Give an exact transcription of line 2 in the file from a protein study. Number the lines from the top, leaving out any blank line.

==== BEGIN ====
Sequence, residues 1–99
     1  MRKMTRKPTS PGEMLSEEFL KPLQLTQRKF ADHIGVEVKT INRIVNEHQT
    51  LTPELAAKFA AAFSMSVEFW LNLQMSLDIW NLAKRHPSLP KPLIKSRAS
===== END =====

     1  MRKMTRKPTS PGEMLSEEFL KPLQLTQRKF ADHIGVEVKT INRIVNEHQT